What Do the Election Results Mean for Tax Policy?
November 9, 2016
Today, the natural question for those of us in the tax world is, “What does the election mean for tax policy in general, and tax reform in particular?”
The answer is somewhat mixed. To be sure, Republicans generally have supported lower taxes and the idea of tax reform, but they are not currently unified behind any particular plan or approach. In fact, there are meaningful differences among the policies being considered in the House and the Senate versus the tax plan proposed by President-elect Donald Trump. So it will be interesting to see how, or if, those differences will be resolved.
Here are five issues we think will be important in the coming discussion over tax reform.
The Estate Tax
A number of factors make the estate tax an issue to watch in the coming year. Repeal of the estate tax is a feature of both the Trump and House Republican tax plans. Furthermore, it is a policy proposal that has fairly strong popular support. Third, it collects less than 1 percent of federal revenue, making it less of a deficit concern than many other tax-cutting priorities. And finally, the repeal of a tax is a relatively simple policy negotiation that could move quickly if it became a priority.
The House voted last year to repeal the estate tax, and the composition of the chamber has not changed much with Tuesday’s election. The main questions on this policy are whether any change to step-up basis would happen in an estate tax repeal, and whether it has the votes to pass the Senate. All in all, though, repeal of this tax seems like a priority that would have relatively little in its way.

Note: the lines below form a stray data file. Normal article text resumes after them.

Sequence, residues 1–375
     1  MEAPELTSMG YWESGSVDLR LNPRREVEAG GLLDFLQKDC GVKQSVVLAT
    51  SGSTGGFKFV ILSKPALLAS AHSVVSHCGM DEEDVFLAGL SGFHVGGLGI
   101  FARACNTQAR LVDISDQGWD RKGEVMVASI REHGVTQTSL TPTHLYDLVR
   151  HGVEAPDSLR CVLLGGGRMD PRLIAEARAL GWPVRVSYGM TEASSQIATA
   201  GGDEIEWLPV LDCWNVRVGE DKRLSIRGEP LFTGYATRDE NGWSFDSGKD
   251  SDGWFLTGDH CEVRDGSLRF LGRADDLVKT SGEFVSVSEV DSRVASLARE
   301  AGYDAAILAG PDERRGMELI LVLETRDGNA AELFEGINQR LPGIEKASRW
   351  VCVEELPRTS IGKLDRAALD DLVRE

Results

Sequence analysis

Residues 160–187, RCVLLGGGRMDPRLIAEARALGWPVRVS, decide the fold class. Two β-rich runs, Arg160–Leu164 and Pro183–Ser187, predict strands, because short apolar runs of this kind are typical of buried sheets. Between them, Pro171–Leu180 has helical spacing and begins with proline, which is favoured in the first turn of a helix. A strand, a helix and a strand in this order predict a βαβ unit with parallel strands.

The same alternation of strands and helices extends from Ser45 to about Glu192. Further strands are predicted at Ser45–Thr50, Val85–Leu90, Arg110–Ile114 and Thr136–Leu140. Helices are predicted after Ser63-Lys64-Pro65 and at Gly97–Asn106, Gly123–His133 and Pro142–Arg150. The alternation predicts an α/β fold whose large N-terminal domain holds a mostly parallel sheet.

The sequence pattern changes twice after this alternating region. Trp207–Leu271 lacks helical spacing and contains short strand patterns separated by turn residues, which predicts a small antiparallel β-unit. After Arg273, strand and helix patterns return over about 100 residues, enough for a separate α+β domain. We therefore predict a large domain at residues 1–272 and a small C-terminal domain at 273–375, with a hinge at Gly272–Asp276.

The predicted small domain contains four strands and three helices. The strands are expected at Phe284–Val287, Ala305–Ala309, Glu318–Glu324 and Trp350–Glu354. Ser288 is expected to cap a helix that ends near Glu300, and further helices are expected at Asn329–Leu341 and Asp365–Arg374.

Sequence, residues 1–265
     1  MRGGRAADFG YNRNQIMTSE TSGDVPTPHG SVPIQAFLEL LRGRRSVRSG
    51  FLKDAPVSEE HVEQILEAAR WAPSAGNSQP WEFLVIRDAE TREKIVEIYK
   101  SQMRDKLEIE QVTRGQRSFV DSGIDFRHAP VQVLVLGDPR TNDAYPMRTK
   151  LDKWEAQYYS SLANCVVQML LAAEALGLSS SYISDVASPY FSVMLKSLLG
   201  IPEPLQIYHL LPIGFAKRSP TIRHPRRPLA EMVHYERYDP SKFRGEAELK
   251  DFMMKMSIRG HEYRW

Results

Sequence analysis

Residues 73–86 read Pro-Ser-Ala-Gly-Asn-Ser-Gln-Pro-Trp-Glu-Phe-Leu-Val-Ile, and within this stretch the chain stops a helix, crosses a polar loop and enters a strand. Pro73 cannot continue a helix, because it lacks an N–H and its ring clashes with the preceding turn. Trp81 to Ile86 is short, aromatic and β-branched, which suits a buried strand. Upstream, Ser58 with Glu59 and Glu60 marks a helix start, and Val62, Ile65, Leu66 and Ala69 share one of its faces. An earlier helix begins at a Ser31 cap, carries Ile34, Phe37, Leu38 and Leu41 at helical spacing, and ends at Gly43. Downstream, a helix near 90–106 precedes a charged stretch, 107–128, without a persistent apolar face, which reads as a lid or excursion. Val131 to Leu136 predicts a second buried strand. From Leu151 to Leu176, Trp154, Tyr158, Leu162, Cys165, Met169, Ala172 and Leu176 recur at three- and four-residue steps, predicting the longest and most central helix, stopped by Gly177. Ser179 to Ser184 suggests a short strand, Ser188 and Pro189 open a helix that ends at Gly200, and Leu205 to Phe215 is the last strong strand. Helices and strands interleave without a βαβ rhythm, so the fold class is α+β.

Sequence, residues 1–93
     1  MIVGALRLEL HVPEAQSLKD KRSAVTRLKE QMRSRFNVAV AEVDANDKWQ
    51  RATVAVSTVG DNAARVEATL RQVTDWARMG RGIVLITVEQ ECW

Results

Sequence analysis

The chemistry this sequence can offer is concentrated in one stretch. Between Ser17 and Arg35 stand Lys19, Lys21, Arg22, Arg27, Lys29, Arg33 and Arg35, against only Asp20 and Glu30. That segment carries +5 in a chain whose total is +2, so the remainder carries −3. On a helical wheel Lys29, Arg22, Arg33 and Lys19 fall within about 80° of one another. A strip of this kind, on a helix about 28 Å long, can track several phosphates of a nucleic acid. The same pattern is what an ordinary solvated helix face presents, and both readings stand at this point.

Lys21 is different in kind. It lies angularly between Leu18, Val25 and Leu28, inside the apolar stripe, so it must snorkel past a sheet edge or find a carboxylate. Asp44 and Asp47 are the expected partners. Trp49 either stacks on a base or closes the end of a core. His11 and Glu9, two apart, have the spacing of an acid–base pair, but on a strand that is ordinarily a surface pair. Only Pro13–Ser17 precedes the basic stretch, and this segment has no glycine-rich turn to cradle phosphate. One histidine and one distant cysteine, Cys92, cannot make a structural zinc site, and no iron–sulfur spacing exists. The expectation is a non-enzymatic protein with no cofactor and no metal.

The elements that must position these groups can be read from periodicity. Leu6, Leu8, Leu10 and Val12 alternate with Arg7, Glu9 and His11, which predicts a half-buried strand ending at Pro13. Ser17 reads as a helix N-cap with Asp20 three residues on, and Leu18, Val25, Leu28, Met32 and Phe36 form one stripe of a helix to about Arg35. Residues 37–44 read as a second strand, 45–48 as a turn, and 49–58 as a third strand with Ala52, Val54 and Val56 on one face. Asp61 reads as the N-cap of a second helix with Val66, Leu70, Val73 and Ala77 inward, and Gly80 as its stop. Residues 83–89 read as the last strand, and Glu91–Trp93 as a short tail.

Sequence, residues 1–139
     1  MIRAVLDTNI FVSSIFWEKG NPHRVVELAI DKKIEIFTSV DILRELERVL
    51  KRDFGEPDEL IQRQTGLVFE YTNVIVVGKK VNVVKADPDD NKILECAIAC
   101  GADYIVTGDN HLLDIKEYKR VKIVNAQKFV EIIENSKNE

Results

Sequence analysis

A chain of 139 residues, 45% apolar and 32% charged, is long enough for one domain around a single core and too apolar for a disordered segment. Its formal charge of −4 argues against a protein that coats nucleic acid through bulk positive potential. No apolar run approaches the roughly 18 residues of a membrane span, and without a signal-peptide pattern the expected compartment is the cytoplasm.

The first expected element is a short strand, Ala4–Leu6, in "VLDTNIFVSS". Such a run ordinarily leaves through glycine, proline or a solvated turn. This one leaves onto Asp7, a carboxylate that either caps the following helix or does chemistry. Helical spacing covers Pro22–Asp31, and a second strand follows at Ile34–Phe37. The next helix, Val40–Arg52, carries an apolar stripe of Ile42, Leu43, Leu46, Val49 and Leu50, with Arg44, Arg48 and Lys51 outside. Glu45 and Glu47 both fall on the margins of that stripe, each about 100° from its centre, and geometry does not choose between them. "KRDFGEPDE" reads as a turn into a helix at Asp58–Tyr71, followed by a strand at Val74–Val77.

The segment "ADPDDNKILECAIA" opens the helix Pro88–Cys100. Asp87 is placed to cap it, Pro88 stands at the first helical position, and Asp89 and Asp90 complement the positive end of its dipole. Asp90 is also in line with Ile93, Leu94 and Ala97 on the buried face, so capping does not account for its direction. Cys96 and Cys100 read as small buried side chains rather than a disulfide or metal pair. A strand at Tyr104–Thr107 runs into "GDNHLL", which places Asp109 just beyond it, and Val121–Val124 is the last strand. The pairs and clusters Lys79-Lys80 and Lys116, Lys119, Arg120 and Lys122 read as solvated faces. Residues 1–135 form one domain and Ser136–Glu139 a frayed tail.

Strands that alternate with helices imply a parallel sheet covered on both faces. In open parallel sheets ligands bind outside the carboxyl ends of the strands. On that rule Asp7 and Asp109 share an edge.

The Treatment of Foreign Profits of U.S. Multinationals
A big question in tax reform for the past few years has been: How should America tax the foreign profits of its multinational corporations? The current tax system applies the corporate income tax of 35 percent to the worldwide profits of U.S.-based multinationals. So if a corporation earns profits in the United Kingdom, it would need to pay the 20 percent rate to the British government, then an additional 15 percent to the U.S. government. However, the additional 15 percent tax bill to the U.S. can be deferred until those profits are brought back to the U.S. This discourages corporations to bring profits back to the United States.
There is general agreement that this system is flawed, but little agreement on how, exactly, to fix it. Some Democrats would eliminate the ability to defer the additional tax paid to the U.S., meaning all corporations would face a 35 percent tax on their profits every year. Most Republicans and some Democrats would rather move to a “territorial” tax system that exempts foreign profits from the additional U.S. tax altogether. This would be more consistent with the systems employed by the rest of the developed world.